Passwords & Hashes
I work a lot with hashes (i.e. one-way encrypted hashes of passwords). This work includes password hash extraction, cracking of the hashes, and using them as-is. The following is a brief overview of the code I’ve developed for this work and some of the tricks to using it.
Hash Usage: Gathering The Hash
This page focuses on two specific areas: LM/NTLM password hashes (what tools like FgDump extract) and LM/NTLM challenge/response hashes (the actual authentication exchange performed over a network).
LM/NTLM Password Hashes
Microsoft Windows stores user passwords in the system’s password database (called “SAM”) in an encrypted hash. The encryption schemes used are one-way, or non-reversible, meaning that this data cannot be decrypted through simple means. For example, the following is a sample entry from a SAM database:
This password database entry contains the older LAN Manager Network Protocol (LM) and NT LAN Manager (NTLM) encrypted hash for the account.
To extract a system’s password database, I tend to rely on our FgDump application. FgDump is a wrapper application which pulls together our version of PwDump, in addition to several password-related utilities (e.g. cachedump). It also handles starting and stopping anti-virus applications, which can cause issues during this type of activity (e.g. crashing the system or sending up confusing alerts, but not typically stopping the activity).
One of the issues with the Microsoft Windows account access mechanisms is that they use a token-based model to handle user authorization tasks. Once a user has been authenticated via logging in, they have a token associated with processes they are running. This presents an opportunity for a privileged user, such as an administrator, to physically read the memory associated with that process and extract the running user’s token. With this token, it is possible to invoke other processes as that user, without the need for authentication at all. The net result in a scenario such as this is that a local administrator is able to elevate his or her privilege to that of any logged-in user, including, potentially, a Domain Administrator. Attackers can also extract from the token the account’s LM and NTLM hashes. Unfortunately, these values are not salted as are the cached credentials.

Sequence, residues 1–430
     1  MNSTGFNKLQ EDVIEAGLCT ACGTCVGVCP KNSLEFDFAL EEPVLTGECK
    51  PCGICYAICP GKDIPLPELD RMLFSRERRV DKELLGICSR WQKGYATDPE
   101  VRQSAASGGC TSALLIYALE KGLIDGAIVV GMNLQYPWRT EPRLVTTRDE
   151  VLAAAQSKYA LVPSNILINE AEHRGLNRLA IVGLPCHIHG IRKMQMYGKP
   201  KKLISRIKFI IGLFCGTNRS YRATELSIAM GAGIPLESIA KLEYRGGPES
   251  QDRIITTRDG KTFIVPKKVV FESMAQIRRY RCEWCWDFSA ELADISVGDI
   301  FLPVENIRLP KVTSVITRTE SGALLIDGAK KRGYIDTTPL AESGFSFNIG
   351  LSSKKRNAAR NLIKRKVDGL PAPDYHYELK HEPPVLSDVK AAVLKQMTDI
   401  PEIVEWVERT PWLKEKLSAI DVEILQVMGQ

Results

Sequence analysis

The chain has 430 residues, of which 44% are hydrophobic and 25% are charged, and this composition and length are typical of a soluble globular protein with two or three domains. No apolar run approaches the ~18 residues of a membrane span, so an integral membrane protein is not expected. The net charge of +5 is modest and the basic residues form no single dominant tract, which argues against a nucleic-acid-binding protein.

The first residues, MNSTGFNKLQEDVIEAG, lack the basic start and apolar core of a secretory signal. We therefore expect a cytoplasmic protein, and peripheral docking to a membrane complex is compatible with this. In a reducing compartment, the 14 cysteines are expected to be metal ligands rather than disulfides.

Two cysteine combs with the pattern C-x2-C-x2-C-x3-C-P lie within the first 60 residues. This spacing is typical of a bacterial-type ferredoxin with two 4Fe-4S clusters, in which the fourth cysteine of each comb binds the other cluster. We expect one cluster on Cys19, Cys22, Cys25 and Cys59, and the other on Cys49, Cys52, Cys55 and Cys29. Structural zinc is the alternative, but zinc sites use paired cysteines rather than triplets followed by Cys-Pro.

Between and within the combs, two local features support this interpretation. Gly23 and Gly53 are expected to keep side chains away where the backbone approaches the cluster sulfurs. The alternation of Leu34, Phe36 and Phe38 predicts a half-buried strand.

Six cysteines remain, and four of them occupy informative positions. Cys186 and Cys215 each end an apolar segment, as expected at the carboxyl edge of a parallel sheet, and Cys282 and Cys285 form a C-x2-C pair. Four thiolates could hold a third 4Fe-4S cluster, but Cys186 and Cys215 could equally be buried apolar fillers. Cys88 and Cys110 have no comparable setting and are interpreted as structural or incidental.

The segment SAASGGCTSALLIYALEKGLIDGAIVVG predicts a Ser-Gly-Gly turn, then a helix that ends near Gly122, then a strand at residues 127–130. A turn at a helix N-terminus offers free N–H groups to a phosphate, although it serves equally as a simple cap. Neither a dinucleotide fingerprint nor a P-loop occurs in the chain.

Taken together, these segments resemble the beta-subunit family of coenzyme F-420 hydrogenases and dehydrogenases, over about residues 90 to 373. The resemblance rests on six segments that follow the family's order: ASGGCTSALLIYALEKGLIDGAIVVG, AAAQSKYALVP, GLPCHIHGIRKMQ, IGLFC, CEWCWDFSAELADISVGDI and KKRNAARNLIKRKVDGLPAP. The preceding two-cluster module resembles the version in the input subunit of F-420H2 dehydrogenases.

One of the most popular methods of abusing tokens is through the MetaSploit Incognito function, or using Incognito itself. While this is a fine approach, I’m a fan of the utility WhosThere. WhosThere is a free tool from Hernan Ochoa/CORE TECHNOLOGIES which “will list logon sessions with NTLM credentials (username, domain name, LM and NT hashes).” This is an incredibly powerful utility, as it allows you to extract domain account hashes from member servers. These hashes can then be used in pass-the-hash style attacks or simply cracked. While an excellent utility, WhosThere doesn’t function out of the box on all versions of Windows. It provides an option (i.e. -a) to specify known memory addresses for those versions which don’t automatically work. Unfortunately, as each version of lsasrv.dll will result in new memory addresses, tracking these can be a hassle. The patch provided here adds support to whosthere.exe to examine the system’s lsasrv.dll file (via SHA-1 hash) and select from a list of known addresses. This list is currently limited, but I plan to add to it as I encounter new versions. I’ve also modified FgDump to allow the running of WhosThere as part of its normal operation (revdump – reversible encrypted passwords – support is also included). The functionality is not currently included in the official FgDump release, due to a request to not redistribute the WhosThere application. However, the patches provided here are sufficient to build FgDump with these features for one’s own use.
Challenge/Response Authentication Exchanges
The challenge/response authentication system currently employed by Microsoft products is an area of concern regarding how the current authentication schemes affect the security of a Microsoft Windows environment. Recent versions of Microsoft Windows-based operating systems support several methods to remotely authenticate network users, including LAN Manager (LM), LMv2, NTLMv1, NTLMv2, and Kerberos. These authentication mechanisms provide a means by which clients are able to prove their identities without actually sending a password to the server. It should be noted that LM and NTLM network-based authentication make use of the LM/NTLM password hashes, but they are not the same algorithms. For additional background on the LM/NTLM challenge/response authentication process, please review the following documentation: LM/NTLM Challenge/Response Documentation.